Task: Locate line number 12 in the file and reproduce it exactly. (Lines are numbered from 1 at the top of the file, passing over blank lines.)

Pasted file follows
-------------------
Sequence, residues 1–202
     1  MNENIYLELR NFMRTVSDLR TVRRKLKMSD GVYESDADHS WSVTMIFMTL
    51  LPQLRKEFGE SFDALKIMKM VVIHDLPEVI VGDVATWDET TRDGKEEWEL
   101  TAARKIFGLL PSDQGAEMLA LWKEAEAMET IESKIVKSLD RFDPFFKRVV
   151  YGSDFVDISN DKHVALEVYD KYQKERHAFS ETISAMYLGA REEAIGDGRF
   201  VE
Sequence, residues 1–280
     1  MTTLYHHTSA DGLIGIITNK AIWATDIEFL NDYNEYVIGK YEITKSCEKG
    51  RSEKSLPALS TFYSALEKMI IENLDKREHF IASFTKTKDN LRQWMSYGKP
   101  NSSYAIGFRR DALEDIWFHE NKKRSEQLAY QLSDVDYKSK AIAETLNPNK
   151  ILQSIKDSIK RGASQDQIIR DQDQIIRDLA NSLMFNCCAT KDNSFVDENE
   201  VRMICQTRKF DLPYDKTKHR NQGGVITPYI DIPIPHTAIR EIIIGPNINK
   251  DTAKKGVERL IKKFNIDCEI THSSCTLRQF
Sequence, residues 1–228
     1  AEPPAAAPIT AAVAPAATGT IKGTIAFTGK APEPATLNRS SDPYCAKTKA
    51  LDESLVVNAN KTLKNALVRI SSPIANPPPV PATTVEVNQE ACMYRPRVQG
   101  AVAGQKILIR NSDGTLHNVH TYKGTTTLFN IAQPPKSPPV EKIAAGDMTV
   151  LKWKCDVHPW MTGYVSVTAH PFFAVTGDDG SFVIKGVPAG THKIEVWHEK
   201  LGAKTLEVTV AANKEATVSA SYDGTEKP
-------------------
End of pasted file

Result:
   201  VRMICQTRKF DLPYDKTKHR NQGGVITPYI DIPIPHTAIR EIIIGPNINK